Mental Health in Middle Grade books, with Cindy Baldwin
And a cat comic!
From the Writing Desk: It’s May, and you know what that means!
Just kidding! May is Mental Health Awareness month. Brains and mental health are such a fascinating topic. Each of my books deals with mental health or neurodiversity in one way or another. In What Stars Are Made Of, Libby figures out how to navigate the world with her learning disability. In Breathing Underwater, Olivia tries to figure out how to be the best sister she can to Ruth, who is battling serious depression. And Nightmare House? Well, if I’m honest, that book is one big metaphor for anxiety.
The National Alliance on Mental Illness says on their website, “Openly talking to your children is a great way to help decrease this stigma [but] …it can be tough to know how to start the conversation.” So how do you start that conversation more easily? Well, books, of course!
That to me is why middle grade literature is so critically important, within this topic specifically, but just in general. This is when little humans are beginning to solidify their identity and world-view, and books provide a safe way for them to learn and grow.
So where do you start? Here is a list of 48 Middle Grade Books About Mental Illness, and another with 25 Tween Fiction Books That Tackle Mental Health in a Relatable Way (you may recognize a beautiful blue underwater cover on both these lists ;).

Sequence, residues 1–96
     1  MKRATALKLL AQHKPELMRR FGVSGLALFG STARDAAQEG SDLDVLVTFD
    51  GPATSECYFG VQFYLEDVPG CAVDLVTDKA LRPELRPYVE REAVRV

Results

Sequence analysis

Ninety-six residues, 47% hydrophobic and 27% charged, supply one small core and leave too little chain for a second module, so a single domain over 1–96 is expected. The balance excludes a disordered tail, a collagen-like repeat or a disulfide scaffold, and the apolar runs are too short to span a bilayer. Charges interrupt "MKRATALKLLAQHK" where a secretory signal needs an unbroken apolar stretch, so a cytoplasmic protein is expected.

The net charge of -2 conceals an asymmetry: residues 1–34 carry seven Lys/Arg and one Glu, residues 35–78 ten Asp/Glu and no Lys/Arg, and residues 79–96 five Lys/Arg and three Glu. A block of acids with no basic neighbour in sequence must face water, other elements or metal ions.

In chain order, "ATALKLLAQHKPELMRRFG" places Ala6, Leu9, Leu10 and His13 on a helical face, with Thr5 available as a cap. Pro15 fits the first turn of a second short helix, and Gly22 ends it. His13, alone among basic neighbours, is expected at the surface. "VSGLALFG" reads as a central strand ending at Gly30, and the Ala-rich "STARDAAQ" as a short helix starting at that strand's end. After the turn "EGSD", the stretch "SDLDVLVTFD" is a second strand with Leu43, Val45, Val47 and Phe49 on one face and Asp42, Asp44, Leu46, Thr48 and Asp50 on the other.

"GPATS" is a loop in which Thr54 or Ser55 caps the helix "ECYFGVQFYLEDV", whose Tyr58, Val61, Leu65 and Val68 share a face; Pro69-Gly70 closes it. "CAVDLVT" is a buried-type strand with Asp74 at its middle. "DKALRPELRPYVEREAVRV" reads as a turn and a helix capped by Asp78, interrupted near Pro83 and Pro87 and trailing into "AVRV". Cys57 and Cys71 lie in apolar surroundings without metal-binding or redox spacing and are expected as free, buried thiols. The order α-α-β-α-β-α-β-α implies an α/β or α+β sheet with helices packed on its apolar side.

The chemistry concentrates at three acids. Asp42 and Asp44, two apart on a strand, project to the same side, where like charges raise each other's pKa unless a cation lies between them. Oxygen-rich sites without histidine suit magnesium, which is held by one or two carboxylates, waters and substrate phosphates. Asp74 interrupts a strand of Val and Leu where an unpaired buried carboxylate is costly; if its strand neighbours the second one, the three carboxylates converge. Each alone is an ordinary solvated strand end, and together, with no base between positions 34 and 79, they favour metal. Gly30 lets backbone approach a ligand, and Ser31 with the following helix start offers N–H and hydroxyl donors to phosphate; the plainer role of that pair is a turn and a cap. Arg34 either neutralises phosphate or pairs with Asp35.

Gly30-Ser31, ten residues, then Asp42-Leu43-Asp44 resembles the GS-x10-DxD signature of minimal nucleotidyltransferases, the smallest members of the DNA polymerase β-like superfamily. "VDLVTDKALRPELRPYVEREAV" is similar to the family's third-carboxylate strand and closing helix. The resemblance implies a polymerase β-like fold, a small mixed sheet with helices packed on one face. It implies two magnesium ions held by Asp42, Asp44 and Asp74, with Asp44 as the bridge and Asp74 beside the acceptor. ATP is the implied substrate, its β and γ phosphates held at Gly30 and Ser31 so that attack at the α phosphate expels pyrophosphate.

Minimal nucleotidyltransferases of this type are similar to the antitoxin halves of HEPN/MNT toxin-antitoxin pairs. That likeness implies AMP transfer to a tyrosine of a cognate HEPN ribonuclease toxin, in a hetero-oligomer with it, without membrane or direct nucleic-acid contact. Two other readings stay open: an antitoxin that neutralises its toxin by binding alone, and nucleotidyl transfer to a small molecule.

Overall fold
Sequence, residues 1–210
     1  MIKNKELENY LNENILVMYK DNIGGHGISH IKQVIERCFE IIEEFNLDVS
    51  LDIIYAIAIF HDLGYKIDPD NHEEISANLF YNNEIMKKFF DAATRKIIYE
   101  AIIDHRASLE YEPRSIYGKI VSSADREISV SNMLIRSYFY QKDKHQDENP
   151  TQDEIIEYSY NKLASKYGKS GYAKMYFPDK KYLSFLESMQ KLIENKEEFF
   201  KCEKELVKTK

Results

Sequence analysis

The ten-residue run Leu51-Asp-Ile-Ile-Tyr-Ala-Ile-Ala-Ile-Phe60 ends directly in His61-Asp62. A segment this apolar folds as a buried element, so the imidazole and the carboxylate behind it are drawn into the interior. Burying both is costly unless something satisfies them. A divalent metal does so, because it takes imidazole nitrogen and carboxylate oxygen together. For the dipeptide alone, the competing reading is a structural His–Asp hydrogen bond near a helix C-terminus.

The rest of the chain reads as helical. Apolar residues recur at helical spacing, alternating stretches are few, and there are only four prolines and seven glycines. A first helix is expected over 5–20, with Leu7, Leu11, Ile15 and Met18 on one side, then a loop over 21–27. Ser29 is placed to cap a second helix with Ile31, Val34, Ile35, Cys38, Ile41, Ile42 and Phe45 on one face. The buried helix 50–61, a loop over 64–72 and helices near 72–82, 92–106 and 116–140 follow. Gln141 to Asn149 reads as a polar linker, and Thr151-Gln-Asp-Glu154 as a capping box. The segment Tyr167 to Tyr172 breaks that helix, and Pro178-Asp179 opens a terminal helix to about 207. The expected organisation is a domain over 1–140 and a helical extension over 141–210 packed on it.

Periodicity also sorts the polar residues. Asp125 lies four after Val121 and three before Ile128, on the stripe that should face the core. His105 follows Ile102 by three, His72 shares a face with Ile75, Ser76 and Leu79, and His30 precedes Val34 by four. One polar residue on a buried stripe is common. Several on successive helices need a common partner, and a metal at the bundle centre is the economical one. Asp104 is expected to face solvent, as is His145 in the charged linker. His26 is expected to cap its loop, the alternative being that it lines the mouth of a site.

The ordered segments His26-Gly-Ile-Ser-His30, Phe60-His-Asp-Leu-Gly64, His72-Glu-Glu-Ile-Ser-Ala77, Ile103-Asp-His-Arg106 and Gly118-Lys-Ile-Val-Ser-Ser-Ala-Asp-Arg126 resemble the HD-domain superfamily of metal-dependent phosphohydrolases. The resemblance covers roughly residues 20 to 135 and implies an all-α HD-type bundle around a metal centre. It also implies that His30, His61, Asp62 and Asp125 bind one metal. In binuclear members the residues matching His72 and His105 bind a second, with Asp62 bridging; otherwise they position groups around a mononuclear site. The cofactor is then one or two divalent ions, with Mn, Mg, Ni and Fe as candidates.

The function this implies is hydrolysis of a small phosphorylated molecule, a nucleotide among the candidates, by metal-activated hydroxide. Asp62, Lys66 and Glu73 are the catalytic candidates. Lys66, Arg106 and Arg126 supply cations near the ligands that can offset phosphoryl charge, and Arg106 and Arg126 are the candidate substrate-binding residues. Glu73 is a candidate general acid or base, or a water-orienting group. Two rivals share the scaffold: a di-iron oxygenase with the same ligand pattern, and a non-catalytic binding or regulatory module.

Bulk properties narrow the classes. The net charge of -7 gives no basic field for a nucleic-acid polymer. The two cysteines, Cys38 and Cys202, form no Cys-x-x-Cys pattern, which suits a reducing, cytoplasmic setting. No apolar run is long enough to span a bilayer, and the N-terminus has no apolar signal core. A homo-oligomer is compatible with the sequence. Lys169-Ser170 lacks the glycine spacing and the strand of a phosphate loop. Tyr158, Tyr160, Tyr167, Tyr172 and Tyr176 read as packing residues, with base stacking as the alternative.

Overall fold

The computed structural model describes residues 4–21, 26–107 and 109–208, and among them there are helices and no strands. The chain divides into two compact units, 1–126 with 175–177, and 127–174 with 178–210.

3 Questions About Mental Health in Middle Grade Fiction, with Cindy Baldwin:
When it comes to mental health and neurodiversity in middle grade books, one of the first people I think of is Cindy Baldwin. She is the author of many incredible middle grade books, all of which approach this in some way. She has thought and researched and taught about this more than anybody I know, and I’m SO thrilled to get some of her expertise on this today!
1- What aspects of mental health are most important to address for middle grade audiences specifically?
Um... is it okay to say "everything"?! Ha! I think that middle grade kids can be affected by pretty much every aspect of mental health and mental illness—family mental illness, personal mental illness, addiction, eating disorders, and more generally the stress of navigating tough things like puberty, school expectations, and peer pressure. I am so grateful that MG books are starting to cover more of these topics! As adults I think we often have an overly rosy view of what childhood is like, and want to shield kids from tough topics. But the reality is often that kids are really going through it, and books can be an invaluable tool for them to cope and process their experiences. Two things I think it's especially important to showcase in books are resilience and diversity. Resilience, because kids need to have examples of characters who have challenging experiences and are able to get through them in a healthy manner; and diversity, because kids need to recognize that there are a huge range of experiences when it comes to mental health and mental illness, and that it's okay for them to fall wherever on that spectrum they fall.